Complaints against apni mandis continue to pour in from residents. In a representation, SK Khosla, secretary, Chetna Manch, said the concept of apni mandi had failed miserably, as in every mandi there are “mandis within mandis”.

A large number of non-farmers sell their products. Not only vegetables and fruits (as originally conceived) but from groceries to confectioneries to plastic goods to garments to electrical/electronics goods are being marketed here.

These unauthorised persons set up their shops in connivance with the officials concerned, he alleged.

Besides, there are several infirmities in the markets owing to which consumers are being cheated here.

Vendors do not allow buyers to do sorting of many vegetables like potatoes, onions, lady’s finger etc.

There is no proper board displaying the rates of various articles being sold in the market, as only a small board displaying the rates is fixed, which is not visible at night.

There should be a digital board to be displayed so that everybody entering the market may have a look at the day’s rates.

The Weights and Measures Department does not check the weights, as vendors sometimes do not have the proper weighing scales. The weighing scales should be checked regularly in the market, the representation added.



Food poisoning lands woman, kids in hospital
Tribune News Service

Chandigarh, October 3
A 35-year-old woman, along with her two children, landed at Sector 16 Government Multi-Specialty Hospital (GMSH-16) with a suspected case of poisoning late last night. The police, after recording the statements of the victims today, said that it was a case of food poisoning not a case of attempt to suicide, as was believed earlier.

The condition of the woman, Sushma Devi, a resident of Sector 22, and her 13-year-old daughter Shivani and 17-year-old son Prakashit was said to be stable.

The in charge of the Sector 22 police post, sub-inspector Jaspal Singh Bhullar, said Sushma told the police that her son had bought burgers and they had also consumed biscuits at the home. She was the first one who started vomiting.

Her husband Pawan Kumar was informed about her condition, who reached home. A littler while later both children also complained of uneasiness and were rushed to the hospital.



Land acquisition policy decried

Chandigarh, October 3
Ravinder Kishan, president of the Chandigarh unit of the Rashtriya Janta Dal, today decried the Land Acquisition Policy of the Chandigarh Administration. Speaking at a seminar “Amendment in the Land Acquisition Act - a burning issue” organised by eminent persons of the city, he said ever since the formation of the Union Territory, the villages had been ignored.

Criticising UT officials and political leaders, he said the government should not only acquire the land at market rates but should also give share out of the profit earned from the sale of the land. Others present on the occasion were Gurpartap Singh Riar, Gurnam Singh Sidhu, Pritam Singh and Sudhama Sharma, a former Himachal Pradesh Minister. — TNS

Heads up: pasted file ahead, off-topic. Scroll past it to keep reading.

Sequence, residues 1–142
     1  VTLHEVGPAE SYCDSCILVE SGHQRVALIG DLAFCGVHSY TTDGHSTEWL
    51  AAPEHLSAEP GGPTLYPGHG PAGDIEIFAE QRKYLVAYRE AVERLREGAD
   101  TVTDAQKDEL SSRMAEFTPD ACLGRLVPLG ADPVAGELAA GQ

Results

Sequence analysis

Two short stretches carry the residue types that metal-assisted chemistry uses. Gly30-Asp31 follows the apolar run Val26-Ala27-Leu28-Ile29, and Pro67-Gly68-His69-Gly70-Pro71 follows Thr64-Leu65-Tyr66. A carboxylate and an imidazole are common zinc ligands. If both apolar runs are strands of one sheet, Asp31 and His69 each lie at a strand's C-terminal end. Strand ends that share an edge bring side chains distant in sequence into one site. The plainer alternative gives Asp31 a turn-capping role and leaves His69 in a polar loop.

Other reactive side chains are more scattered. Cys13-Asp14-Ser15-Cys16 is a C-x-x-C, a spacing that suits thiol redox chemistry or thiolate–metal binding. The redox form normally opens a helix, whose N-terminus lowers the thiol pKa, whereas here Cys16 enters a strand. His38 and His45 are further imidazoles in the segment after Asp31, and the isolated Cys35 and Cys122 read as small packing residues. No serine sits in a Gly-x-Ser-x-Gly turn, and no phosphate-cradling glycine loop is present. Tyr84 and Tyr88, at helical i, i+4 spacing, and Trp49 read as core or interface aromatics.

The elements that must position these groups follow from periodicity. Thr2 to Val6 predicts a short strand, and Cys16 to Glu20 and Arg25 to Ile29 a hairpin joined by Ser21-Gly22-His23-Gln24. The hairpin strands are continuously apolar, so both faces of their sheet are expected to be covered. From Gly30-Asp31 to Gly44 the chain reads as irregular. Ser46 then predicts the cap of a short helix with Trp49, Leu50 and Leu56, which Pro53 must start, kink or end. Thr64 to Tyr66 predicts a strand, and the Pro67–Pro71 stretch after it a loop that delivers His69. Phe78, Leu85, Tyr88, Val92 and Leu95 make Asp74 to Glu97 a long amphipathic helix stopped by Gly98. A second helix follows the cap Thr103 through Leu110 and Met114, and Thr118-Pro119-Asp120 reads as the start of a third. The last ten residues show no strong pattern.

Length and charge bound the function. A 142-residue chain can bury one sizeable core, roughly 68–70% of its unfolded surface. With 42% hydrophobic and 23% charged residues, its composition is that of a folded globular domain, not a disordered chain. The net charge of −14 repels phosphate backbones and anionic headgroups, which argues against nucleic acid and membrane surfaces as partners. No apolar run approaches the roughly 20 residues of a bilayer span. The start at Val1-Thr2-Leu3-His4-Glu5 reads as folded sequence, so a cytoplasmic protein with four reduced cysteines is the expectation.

Fire at dhaba in Sec 46
Tribune News Service

Chandigarh, October 3
Fire broke out at Chawla Dhaba in the Sector 46 market here today. The fire was reported from the chimney in the kitchen of the eating joint. The fire station was called for help at 11:54 am.

Two fire brigades, one from the Sector 32 fire station and the other from the Industrial Area fire station, were called.

The fire was controlled within a short span of time. According to fire station employees, it was not a major incident and no major damage was reported.



Martyrs of Uttarakhand movement remembered
Tribune News Service

Chandigarh, October 3
A large number of people yesterday gathered at Garhwal Bhavan, Sector 29, to pay homage to those who sacrificed their lives in the Uttarakhand Movement in 1994. On the occasion, the Uttarakhand Yuva Manch, an NGO, organised a photo exhibition.

Also, a bhajan programme was held to mark the day. Singer Kamleshinder Singh created a patriotic fervour by singing some heart-touching patriotic songs and bhajans.

“It’s hard to forget the sacrifices made by the martyrs for the formation of Uttarakhand. We will always remain indebted to them,” said Bhagwati Prasad Kukshal, general secretary of the NGO. A two-minute silence was also observed.



Talk on selflessness
Tribune News Service

Chandigarh, October 3
The First Friday Forum organised a talk on “Rasas: a way to selflessness” at the Government College of Art here yesterday. Ravinder Sharma, secretary of the Chandigarh Lalit Kala Akademi, underscored the significance of this truism in everyday life.

“The ‘rasa’ and selflessness are like water and thirst. This selfless state of consciousness has been described by Guru Nanak as ‘sahaj’ or the fourth stage,” he added.

The first rung on the spiritual ladder was ‘tamas’, the second ‘rajas’, the third ‘sattva’ and the fourth ‘sahaj’, he explained.

SS Bhatti, forum’s founder, said the theory of nine ‘rasas’ was a wholesome aesthetic philosophy coming down from ancient India.



Cycle rally by UIET students
Tribune News Service

Chandigarh, October 3